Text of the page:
Relationship Connection: My husband sold my pain pills and blames me for kicking him out

Photo by Tom Merton/Getty Images Plus, St. George News

Question

My husband has a drug addiction. I thought he was doing fine, but I found out he was stealing pain pills from me and selling them for three months. He blames me for everything. I made him leave. He blames me that he is gone and tells me it’s all my fault.

It’s been a few months now. I have been very depressed. I’m trying to stay busy and move forward. I go from seeing the loving times to being angry and confused. I don’t know how to get through this.

Answer

This is a difficult betrayal on so many levels. Not only are you coping with lies, theft, drug abuse and illegal selling of drugs, but you’re also now being blamed for all of it. Anyone in your situation would feel depressed and struggle to move forward. However, you don’t have to stay in that situation, and I’m glad you’re asking for help. Let’s talk about what you can do to heal.

First of all, his addiction and his crimes aren’t your fault. You may know that, but when you’re repeatedly told that you’re to blame by someone who is supposed to love you, even the most rational people begin to question their sanity. It’s not your fault.

One tactic that abusive individuals use to keep themselves out of accountability is called DARVO. It stands for Deny, Attack, Reverse Victim-Offender.

It points to a predictable sequence used by abusers to place the blame on someone else. They first begin by denying they did anything wrong in the first place. Your husband is refusing to acknowledge the seriousness of his wrong behaviors, leaving you to wonder what is right and wrong.

Next, you become the target of the attack. This shows up in criticizing your character, your intentions, your behavior or anything else to put you down. It’s a way to silence you and further distance themselves from any form of accountability. Finally, your husband reverses the order of the victim and the offender. When he tells you that he’s the one suffering because of your choices, he’s now making himself the victim while labeling you as the offender. Clearly, this is backward.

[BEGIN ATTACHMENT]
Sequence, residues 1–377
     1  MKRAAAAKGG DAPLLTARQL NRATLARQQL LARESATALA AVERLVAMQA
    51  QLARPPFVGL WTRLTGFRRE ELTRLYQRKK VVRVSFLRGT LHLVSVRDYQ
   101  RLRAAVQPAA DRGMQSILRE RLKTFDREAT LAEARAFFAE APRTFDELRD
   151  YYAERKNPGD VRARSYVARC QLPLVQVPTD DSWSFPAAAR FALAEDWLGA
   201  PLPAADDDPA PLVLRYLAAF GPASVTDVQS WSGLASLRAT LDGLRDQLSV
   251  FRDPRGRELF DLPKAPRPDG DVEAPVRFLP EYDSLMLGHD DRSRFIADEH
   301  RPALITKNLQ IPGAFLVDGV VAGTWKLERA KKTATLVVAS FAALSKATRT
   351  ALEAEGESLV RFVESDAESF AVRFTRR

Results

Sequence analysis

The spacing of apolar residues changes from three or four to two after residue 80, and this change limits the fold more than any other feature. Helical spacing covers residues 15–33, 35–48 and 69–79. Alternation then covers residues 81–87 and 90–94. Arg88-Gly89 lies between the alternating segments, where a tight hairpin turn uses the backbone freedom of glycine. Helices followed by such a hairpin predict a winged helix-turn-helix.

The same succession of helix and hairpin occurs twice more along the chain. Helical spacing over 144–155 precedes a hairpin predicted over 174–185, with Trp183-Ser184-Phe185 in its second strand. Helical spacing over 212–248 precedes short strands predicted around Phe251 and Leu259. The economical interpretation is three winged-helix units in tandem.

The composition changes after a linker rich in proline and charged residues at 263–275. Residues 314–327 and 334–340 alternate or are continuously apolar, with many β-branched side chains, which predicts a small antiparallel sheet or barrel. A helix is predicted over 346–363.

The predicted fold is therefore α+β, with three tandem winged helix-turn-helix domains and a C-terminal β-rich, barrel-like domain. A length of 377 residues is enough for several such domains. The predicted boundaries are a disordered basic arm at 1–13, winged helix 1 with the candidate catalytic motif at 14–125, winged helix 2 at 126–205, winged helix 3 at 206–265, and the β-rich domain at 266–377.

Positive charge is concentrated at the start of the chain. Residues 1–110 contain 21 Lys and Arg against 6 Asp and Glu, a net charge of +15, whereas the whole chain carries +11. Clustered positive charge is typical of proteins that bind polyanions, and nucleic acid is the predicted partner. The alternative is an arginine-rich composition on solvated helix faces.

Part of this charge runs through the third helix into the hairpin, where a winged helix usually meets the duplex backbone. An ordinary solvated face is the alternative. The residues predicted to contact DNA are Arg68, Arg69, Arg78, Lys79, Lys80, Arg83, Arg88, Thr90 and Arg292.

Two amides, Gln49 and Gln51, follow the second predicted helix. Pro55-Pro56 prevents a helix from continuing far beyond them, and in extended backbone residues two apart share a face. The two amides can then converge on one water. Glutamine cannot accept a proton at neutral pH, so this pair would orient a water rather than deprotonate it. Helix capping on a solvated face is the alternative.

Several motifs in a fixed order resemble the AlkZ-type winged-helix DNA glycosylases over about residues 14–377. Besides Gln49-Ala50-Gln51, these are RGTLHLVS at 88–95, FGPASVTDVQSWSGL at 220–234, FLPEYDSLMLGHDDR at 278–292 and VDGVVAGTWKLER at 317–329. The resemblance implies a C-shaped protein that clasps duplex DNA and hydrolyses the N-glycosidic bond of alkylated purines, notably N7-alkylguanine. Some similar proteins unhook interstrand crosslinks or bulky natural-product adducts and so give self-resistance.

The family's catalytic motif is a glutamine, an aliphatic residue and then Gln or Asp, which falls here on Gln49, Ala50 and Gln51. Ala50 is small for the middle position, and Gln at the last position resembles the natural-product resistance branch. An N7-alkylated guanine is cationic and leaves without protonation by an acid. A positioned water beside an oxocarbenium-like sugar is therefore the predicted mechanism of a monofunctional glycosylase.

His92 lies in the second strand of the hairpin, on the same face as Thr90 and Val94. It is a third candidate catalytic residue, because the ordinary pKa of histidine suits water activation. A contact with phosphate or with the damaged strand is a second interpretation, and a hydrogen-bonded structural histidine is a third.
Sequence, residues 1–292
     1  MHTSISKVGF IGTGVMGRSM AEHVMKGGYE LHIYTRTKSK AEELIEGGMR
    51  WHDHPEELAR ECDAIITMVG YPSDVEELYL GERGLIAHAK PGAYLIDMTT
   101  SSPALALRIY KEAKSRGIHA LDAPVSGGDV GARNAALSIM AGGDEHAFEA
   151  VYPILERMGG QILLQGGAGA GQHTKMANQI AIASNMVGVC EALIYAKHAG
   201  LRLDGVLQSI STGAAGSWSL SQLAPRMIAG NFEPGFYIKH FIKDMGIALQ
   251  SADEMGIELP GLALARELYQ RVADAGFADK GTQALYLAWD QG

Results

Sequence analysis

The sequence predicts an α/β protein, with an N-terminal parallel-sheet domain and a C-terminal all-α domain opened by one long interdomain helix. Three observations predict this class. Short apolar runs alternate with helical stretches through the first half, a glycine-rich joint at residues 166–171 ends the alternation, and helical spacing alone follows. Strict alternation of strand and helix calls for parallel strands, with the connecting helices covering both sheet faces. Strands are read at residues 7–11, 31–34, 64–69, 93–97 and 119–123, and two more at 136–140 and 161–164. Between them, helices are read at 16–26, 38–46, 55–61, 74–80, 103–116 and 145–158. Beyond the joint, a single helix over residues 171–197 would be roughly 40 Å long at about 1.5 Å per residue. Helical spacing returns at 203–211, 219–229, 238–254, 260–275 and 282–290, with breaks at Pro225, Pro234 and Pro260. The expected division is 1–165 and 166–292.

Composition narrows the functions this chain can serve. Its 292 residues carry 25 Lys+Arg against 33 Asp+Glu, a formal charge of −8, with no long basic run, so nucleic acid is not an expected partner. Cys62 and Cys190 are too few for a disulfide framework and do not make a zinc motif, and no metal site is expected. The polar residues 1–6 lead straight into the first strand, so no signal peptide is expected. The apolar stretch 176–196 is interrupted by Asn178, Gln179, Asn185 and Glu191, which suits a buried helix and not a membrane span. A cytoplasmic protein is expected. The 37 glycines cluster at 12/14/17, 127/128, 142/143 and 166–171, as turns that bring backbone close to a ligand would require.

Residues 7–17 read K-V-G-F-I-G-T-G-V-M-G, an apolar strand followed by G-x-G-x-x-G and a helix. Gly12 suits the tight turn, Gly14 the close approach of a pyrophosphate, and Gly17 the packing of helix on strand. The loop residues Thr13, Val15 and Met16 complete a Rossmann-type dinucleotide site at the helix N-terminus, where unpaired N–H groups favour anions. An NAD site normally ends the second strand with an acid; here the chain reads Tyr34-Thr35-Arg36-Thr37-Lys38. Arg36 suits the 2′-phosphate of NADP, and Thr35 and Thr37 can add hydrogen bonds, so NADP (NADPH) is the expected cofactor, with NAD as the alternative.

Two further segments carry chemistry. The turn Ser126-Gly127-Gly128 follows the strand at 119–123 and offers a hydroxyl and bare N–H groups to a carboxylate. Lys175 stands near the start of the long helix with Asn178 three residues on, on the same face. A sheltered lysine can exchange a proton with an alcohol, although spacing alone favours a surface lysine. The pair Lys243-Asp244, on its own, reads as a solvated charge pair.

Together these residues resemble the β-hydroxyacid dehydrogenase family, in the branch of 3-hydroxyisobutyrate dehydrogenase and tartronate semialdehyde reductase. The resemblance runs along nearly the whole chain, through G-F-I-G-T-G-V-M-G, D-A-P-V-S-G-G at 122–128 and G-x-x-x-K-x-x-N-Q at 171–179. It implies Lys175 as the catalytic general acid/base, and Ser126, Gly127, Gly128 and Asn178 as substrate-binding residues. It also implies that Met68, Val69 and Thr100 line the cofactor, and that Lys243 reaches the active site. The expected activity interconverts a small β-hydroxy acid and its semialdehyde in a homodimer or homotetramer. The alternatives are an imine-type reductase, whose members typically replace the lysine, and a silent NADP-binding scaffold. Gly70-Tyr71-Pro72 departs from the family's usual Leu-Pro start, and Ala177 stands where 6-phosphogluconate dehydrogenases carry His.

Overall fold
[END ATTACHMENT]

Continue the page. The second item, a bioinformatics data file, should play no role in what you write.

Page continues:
It’s important for you to spot this pattern and not allow it to impact your reality. As soon as he begins to deny the reality of his behavior and then you don’t go along with it, he will escalate to attack you and then make you believe you were the one responsible for all of this pain. It usually happens quickly and is always very disorienting. Once you can see the pattern and know how common it is when there is abuse, addiction, affairs or other betrayals, you can better prepare yourself to respond. 

In your quiet moments, you know the truth of what is happening. You know that this is medication that is prescribed to you for your pain management. Your husband stole it from you without your permission, preventing you from using it for your own physical health. Then he illegal sold it to other people, putting himself and your children (if you have children) in a terribly precarious position. You know that nothing will improve for him or this situation if he denies any of this

Even though you didn’t make these choices and shouldn’t embrace any accountability for his behaviors, you can completely embrace the wise choice you made to have him leave your home. Yes, that was your choice to protect yourself. It was your choice to prevent him from taking more of your medication. It was your choice to create an environment where you will be safe. You chose to protect yourself from any outside dangers related to drug culture. Your choices changed lives for the better. 

Don’t let him cause you to believe that just because he’s hurting right now that you made the wrong choice. Again, you’re not the offender. You were put in a situation where you had to protect because he wouldn’t. Your courage and strength will bless you and your family. If you hadn’t made those choices to protect your family, he would have likely continued on and brought more serious consequences to you. 

Even though you can work to own your choice to choose safety and peace, you won’t automatically feel peaceful when someone is shouting you down. I recommend you limit contact with him until he can be respectful. Work closely with an attorney to understand your rights with your children and keeping them safe, especially if he’s engaging in illegal activities. This is a time to set conditions where he works to earn the right to be back in your presence

Make sure you get the support you need from others who understand the mind games associated with addiction and abuse. I recommend you attend a family 12-step support group to help you understand how to stay out of these unhealthy interactions. When you’re repeatedly accused and told things that aren’t true, it can drive you into deeper isolation and shame. You need others to help you see clearly. 

It’s normal to question your history when you discover a secret life. You will go through a long sorting process of trying to make sense of your story with him. Even though you weren’t living a lie, it can feel like everything was a lie. However, the truth is that your experiences were pure and based on living one life. Be gentle with yourself and work hard to keep the accountability on him and not blame yourself for not seeing it years ago. He made sure you didn’t see it. 

Have a relationship question for Geoff to answer? Submit to:

Email: geoff@lovingmarriage.com

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